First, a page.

# Find discriminating markers tcell.markers <- FindMarkers(object = pbmc, ident.1 = 0, ident.2 = 1) # Most of the markers tend to be expressed in C1 (i.e. S100A4). However, we # can see that CCR7 is upregulated in C0, strongly indicating that we can # differentiate memory from naive CD4 cells. cols.use demarcates the color # palette from low to high expression FeaturePlot(object = pbmc, features.plot = c("S100A4", "CCR7"), cols.use = c("green", "blue"))
11.3 Feature Selection
11.3.1 Differential Expression Analysis
188.8.131.52 Differential Expression Tests
One of the most commonly performed tasks for RNA-seq data is differential gene expression (DE) analysis. Although well- established tools exist for such analysis in bulk RNA-seq data6–8, methods for scRNA-seq data are just emerging. Given the special characteristics of scRNA-seq data, including generally low library sizes, high noise levels and a large fraction of so-called ‘dropout’ events, it is unclear whether DE methods that have been devel- oped for bulk RNA-seq are suitable also for scRNA-seq
## Differential expression using DESeq2 DESeq2DETest(object = pbmc, cells.1, cells.2, genes.use = NULL, assay.type = "RNA")
## Likelihood ratio test for zero-inflated data DiffExpTest(object = pbmc, cells.1, cells.2, assay.type = "RNA", genes.use = NULL, print.bar = TRUE)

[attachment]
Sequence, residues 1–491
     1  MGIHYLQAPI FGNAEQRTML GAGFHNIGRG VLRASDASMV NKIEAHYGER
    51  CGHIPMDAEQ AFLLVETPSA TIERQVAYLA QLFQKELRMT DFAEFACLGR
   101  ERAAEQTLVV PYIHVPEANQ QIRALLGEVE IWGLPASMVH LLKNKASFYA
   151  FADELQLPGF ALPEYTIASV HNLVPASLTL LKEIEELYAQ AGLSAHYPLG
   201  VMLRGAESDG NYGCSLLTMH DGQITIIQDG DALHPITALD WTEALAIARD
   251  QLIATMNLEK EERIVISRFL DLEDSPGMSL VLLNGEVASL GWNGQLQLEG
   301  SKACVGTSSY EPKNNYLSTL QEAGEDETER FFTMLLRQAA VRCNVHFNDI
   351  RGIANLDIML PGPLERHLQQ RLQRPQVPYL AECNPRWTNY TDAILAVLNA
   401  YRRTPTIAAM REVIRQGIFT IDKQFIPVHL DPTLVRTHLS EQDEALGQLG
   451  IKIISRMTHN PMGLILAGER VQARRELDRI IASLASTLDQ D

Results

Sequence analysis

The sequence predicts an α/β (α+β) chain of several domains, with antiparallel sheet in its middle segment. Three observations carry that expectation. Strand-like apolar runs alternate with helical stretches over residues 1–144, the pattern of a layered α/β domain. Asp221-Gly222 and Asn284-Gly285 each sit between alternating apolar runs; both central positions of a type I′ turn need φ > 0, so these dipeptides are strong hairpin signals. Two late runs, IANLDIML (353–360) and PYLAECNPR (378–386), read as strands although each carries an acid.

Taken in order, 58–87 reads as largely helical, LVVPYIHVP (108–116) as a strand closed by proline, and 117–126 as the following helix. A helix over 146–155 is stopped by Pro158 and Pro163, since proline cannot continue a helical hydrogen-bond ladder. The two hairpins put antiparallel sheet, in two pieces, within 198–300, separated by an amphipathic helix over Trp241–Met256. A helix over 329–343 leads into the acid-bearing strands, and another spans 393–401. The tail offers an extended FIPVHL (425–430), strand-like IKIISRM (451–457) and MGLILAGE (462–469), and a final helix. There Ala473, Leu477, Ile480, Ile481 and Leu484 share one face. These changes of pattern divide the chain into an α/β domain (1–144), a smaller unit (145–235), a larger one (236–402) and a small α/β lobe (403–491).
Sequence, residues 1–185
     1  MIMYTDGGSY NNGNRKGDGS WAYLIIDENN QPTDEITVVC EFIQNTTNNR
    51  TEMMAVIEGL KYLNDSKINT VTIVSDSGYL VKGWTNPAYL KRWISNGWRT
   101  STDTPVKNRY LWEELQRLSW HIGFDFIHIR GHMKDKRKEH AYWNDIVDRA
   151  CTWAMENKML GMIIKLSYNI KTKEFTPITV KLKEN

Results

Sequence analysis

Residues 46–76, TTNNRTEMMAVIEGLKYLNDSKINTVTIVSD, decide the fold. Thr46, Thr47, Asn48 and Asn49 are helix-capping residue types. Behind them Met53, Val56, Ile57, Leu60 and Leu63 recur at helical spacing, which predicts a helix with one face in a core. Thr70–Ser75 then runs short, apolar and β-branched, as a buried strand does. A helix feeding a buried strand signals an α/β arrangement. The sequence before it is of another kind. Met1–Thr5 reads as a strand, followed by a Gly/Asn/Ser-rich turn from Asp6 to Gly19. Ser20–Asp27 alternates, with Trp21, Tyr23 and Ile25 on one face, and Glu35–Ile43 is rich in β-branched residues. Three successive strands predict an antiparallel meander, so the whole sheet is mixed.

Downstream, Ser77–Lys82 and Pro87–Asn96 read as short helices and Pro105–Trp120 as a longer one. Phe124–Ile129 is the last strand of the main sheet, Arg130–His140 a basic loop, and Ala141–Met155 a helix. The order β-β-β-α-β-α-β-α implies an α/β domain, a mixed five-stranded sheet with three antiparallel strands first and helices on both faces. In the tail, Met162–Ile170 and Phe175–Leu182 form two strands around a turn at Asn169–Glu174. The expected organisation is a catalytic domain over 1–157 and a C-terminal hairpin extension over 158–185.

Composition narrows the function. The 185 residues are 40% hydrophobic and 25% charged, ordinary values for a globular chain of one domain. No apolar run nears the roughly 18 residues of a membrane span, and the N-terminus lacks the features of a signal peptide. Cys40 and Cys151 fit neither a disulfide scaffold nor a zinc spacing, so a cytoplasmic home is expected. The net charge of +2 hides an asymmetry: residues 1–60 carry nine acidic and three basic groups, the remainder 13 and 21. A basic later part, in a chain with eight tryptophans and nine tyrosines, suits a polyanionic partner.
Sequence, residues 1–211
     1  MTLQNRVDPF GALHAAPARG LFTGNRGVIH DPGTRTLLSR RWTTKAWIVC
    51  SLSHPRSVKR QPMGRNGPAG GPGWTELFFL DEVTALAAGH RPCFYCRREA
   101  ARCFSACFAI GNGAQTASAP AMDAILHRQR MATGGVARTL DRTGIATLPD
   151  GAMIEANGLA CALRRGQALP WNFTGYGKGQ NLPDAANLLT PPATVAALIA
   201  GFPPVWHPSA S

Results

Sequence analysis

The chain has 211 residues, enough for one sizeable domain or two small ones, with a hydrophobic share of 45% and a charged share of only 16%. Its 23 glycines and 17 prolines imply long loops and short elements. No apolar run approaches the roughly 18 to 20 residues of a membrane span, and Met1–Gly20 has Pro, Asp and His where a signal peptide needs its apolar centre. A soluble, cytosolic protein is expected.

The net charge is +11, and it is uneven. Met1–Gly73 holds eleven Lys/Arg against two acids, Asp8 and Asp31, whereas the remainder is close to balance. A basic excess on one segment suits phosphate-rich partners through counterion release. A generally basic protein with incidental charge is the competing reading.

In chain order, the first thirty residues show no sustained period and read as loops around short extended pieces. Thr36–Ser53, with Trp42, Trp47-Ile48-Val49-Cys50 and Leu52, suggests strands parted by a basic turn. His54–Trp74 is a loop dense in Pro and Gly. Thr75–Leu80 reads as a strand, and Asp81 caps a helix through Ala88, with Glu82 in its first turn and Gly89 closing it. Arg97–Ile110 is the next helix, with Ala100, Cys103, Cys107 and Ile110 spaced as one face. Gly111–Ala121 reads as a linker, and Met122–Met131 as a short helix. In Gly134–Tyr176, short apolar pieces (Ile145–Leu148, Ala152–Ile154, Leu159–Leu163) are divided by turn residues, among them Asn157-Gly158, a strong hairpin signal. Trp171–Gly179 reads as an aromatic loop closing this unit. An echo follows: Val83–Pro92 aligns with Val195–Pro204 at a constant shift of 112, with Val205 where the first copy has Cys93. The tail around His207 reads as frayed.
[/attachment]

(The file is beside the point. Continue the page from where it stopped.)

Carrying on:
## t-test DiffTTest(object = pbmc, cells.1, cells.2, genes.use = NULL, print.bar = TRUE, assay.type = "RNA")
11.3.2 Dimensionality Reduction
184.108.40.206 Principal Components Analysis (PCA)
11.3.3 Independent Components Analysis (ICA)
DoKMeans(object, genes.use = NULL, k.genes = NULL, k.cells = 0, k.seed = 1, do.plot = FALSE, data.cut = 2.5, k.cols = PurpleAndYellow(), set.ident = TRUE, do.constrained = FALSE, assay.type = "RNA", ...)
## Neighborhood graph BuildSNN(object, genes.use = NULL, reduction.type = "pca", dims.use = NULL, k.param = 10, plot.SNN = FALSE, prune.SNN = 1/15, print.output = TRUE, distance.matrix = NULL, force.recalc = FALSE, filename = NULL, save.SNN = TRUE, nn.eps = 0) FindClusters(object, genes.use = NULL, reduction.type = "pca", dims.use = NULL, k.param = 30, plot.SNN = FALSE, prune.SNN = 1/15, print.output = TRUE, distance.matrix = NULL, save.SNN = FALSE, reuse.SNN = FALSE, force.recalc = FALSE, nn.eps = 0, modularity.fxn = 1, resolution = 0.8, algorithm = 1, n.start = 100, n.iter = 10, random.seed = 0, temp.file.location = NULL, edge.file.name = NULL)
220.127.116.11 Probabilistic (LDA)